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Mousetail  Myosurus_minimusA member of the buttercup family (Ranunculaceae), mousetail is an annual native to the Northern Hemisphere including North America, Europe, Asia and north Africa. It prefers light shade and moist soil but can adapt to full sun and medium dry soil and can be found in woodland edges, wet meadows, and riverbanks as well as gardens. The cool moist days of spring provide the conditions for optimum growth [click to continue…]

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firmiana-simplex lvAlso known as varnish tree and Phoenix tree, this deciduous tree is native to China, Japan, and Korea. It is a member of the mallow family, Malvaceae, that also includes okra, cotton, hibiscus, and cacao. The upright branches and trunk are covered with light gray-green shiny bark that is considered unique and attractive. The palmately-veined leaves have three to five pointed lobes, are six to twelve inches long by four to eight inches wide, and are bright green before turning yellow in the fall. The fragrant flowers appear in the summer and are ¾” wide, greenish-white. They are carried in upright branched loose terminal clusters ten to twenty inches long and are followed by leather pods in the fall. The pods are two to four inches long and separates into four expanded leafy sections so that it looks like a flower with pea- like seeds along the margins. The trees give a lush tropical look to a garden but the litter produced by pods and leaves may limit the desirability of their use in the garden or as street tree. They freely produce seeds and can become invasive. [click to continue…]

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Baptisias for the Garden

baptisia-purple-smokeBaptisia, also called false indigo, is a long lived herbaceous perennial and a member of the legume family (Fabeaceae). There are about thirty five species of Baptisia native to southern and eastern US where they grow in woodlands and grasslands. The plants are branched and may become shrub-like, forming rounded mounds. The pea-like flowers are produced in spring to early summer and may be white, cream, yellow or blue depending on the species. They are carried in racemes above blue-green foliage and give way to gray or brown pods that persist into fall and are desirable for arrangements. The leaves are compound and have three leaflets with rounded tips. Plants grow best in rich, deep well-drained soil, with medium moisture and full sun to part shade but tolerate poor soil and drought once established. They are excellent back of the border plants especially where lower growing perennials can hide their naked ankles. Plants resent being moved. The generic name, Baptisia, comes from the Greek word Bapto meaning to dip or dye and refers to the flower extract once used as a substitute for indigo. [click to continue…]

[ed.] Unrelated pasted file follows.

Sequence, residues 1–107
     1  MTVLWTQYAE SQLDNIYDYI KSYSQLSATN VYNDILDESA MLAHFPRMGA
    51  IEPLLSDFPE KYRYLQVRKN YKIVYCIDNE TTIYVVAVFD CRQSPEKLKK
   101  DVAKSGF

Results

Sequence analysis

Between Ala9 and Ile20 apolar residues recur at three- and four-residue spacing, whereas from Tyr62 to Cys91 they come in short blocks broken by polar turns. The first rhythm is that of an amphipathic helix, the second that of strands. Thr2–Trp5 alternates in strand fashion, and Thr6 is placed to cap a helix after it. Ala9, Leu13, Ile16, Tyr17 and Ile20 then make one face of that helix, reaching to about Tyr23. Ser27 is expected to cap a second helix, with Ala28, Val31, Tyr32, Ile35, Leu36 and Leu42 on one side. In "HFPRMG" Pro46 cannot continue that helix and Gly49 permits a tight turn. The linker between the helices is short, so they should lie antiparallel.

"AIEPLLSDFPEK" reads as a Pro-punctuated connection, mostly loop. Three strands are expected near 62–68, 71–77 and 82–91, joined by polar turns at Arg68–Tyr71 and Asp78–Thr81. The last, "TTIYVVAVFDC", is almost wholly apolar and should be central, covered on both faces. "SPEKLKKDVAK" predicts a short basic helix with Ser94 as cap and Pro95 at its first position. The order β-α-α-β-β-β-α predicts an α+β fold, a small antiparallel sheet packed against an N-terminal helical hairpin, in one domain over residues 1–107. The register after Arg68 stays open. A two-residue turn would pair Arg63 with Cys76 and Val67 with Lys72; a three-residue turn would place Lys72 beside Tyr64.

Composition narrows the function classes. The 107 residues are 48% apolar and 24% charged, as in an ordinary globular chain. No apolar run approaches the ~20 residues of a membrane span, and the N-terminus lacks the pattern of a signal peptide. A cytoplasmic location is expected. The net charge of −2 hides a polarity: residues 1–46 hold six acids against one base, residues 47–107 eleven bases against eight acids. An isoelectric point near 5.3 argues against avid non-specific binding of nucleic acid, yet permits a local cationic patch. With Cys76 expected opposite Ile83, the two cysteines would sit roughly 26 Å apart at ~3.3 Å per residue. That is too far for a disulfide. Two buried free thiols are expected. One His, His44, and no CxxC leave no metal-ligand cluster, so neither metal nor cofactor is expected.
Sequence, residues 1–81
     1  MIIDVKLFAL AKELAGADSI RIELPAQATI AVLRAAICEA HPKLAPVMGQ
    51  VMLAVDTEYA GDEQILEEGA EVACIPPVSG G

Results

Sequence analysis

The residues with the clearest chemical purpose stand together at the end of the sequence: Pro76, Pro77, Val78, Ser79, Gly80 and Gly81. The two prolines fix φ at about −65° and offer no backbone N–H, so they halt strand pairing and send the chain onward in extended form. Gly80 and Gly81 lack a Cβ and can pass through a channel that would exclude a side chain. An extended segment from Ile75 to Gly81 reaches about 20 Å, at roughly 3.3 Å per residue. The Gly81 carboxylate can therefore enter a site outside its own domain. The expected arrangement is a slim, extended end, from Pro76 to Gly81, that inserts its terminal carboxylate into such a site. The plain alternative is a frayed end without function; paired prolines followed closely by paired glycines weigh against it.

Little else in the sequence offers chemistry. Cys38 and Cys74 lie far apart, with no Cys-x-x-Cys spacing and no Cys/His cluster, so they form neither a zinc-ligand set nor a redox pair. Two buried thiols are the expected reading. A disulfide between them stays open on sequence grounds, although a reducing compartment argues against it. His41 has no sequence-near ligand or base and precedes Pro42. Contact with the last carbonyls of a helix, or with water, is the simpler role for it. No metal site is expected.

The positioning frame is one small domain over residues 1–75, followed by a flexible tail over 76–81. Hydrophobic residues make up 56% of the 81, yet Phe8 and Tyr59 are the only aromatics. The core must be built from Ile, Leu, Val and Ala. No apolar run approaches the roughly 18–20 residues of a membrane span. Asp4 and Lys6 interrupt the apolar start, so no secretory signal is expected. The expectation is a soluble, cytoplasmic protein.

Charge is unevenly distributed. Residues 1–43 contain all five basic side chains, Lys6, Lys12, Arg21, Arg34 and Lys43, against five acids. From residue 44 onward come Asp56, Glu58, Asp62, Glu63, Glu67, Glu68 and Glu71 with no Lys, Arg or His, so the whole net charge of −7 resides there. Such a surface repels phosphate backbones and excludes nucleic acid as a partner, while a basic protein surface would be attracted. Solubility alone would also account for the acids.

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brugmansia-suaveolens-yelAlso called angel’s tears this tender perennial is a semi woody shrub or small tree with a many branched single trunk and a member of the nightshade family, (Solnoaceae) that includes potatoes, tomatoes, eggplants and peppers. Like nightshade, it is poisonous with the leaves and seeds being especially toxic. The plant is native to the coastal rainforests of Brazil where it grows along river banks and forest edges. The oval leaves are up to ten inches long and six inches wide. The fragrant flowers are usually white but may be yellow or pink and are produced in profusion. They are trumpet shaped, nine to thirteen inches long, and pendulous to horizontal. Because they are pollinated by moths, they fully open in the evening and are partially close during the day. The plants make eye catching specimens and can be grown in containers and taken indoors during the cold months. [click to continue…]